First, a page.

Urban farms can also lower the risk of flooding during heavy downpours and help retain water in dry areas, according to a paper in the journal Earth’s Future.

Research in 2018 from Arizona State University and Google found that urban agriculture could save the energy equivalent of 9 million home air conditioning units and produce up to 180m tonnes of food globally. Along with supplying almost the entire recommended consumption of vegetables for city dwellers, it would cut food waste and reduce emissions from transportation of produce, the study found.

Maryland is among the states most vulnerable to climate change, facing both rising sea levels and heightened storm intensity. Government data predicts that Maryland’s sizeable farming community could suffer costly losses during extreme droughts and heat waves.

Ms Kokes says that more extreme and unpredictable weather has impacted their operations in recent years.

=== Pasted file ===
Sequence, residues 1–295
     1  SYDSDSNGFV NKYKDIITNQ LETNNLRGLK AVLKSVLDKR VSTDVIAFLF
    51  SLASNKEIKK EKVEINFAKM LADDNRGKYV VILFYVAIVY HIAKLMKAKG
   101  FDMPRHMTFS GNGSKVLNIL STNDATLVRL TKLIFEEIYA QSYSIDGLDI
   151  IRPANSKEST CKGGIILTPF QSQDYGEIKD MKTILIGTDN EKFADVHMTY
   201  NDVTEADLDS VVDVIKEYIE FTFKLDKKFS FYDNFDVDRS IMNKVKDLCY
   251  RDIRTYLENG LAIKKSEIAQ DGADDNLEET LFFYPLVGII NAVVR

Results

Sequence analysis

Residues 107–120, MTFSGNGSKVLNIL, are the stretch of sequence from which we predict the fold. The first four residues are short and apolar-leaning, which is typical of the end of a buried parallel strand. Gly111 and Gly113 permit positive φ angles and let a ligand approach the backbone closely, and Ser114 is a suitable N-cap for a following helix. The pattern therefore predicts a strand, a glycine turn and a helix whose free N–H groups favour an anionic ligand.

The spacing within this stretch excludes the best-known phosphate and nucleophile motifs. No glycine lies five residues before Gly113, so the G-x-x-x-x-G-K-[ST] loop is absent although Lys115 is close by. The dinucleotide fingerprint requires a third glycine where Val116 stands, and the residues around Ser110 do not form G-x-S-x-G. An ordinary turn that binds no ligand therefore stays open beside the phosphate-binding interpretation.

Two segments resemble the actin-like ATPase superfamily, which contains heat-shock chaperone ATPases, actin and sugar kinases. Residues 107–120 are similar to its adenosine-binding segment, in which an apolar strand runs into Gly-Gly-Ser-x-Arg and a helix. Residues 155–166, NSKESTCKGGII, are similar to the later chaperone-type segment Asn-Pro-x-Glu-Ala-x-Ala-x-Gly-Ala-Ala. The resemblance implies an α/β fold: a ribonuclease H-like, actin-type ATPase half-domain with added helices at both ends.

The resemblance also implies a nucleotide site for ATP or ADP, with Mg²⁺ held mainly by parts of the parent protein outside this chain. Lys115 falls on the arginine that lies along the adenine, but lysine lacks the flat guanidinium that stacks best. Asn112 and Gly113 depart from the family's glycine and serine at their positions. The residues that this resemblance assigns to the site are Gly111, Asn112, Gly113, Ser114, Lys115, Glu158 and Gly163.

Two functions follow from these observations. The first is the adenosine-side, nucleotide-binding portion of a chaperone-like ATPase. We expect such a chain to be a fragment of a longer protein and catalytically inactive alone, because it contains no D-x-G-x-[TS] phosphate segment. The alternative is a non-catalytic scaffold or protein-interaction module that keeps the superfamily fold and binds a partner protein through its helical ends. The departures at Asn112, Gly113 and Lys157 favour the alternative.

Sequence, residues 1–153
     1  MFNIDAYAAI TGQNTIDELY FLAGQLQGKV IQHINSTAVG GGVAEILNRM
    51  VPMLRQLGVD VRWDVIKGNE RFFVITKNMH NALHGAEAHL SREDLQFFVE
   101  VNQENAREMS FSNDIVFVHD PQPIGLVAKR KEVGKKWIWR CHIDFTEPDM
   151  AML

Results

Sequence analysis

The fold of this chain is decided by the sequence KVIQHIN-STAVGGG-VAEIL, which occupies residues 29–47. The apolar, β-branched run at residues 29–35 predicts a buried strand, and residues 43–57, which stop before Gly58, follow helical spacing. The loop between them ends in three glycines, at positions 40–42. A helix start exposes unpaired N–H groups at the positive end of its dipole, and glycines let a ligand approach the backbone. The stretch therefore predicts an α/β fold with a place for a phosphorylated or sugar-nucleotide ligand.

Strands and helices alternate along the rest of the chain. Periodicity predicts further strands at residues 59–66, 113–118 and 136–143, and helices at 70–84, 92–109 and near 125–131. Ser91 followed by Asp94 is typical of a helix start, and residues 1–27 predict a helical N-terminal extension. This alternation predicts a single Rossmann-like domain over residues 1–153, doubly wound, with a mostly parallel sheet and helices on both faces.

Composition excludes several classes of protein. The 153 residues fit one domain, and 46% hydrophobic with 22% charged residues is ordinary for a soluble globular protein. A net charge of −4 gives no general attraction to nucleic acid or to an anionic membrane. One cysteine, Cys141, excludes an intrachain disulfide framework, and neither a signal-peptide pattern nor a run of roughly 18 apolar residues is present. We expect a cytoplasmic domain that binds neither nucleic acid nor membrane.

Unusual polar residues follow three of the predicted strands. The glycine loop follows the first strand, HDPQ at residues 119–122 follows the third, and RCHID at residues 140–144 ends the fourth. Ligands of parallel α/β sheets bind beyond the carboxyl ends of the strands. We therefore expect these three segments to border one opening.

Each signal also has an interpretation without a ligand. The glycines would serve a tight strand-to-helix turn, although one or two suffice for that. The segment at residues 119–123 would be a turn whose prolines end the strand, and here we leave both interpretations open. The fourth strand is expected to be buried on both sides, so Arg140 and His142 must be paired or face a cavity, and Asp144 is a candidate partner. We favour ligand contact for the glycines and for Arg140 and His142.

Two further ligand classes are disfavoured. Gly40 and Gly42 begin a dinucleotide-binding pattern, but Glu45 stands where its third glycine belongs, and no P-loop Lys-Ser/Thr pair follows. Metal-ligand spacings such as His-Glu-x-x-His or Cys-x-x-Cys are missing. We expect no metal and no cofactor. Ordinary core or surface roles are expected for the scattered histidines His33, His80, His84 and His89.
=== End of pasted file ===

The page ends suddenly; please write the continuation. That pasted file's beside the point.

“With day-to-day farming, we have to get ‘swamp ready’,” she said. “2018 was the worst for Maryland farmers as the rain was astronomical. We took a huge hit. It was very humbling because we had to reckon with our limitations, and partner with others to be a reliable source of food.

“Irregular weather patterns especially in the spring make it really difficult to know when to plant. We’ve also had early frost in October. Our farmer Stewart is a very smart, science-oriented guy and thankfully, there’s resources that we can lean on to translate this unpredictability into clear language.”

Around 3,000 students from kindergarten to high school have visited Real Food Farm over the years to learn about agriculture. Separately, programmes like Future Harvest are preparing the farmers of the future. But it’s important that Real Food Farm’s mission stays relevant to the communities they are in, Ms Kokes said.

“Environmentalism, from our perspective and our work, has to be people-focused,” she said. “We’re not talking about weather patterns when people are hungry and just want affordable produce in their neighbourhood.”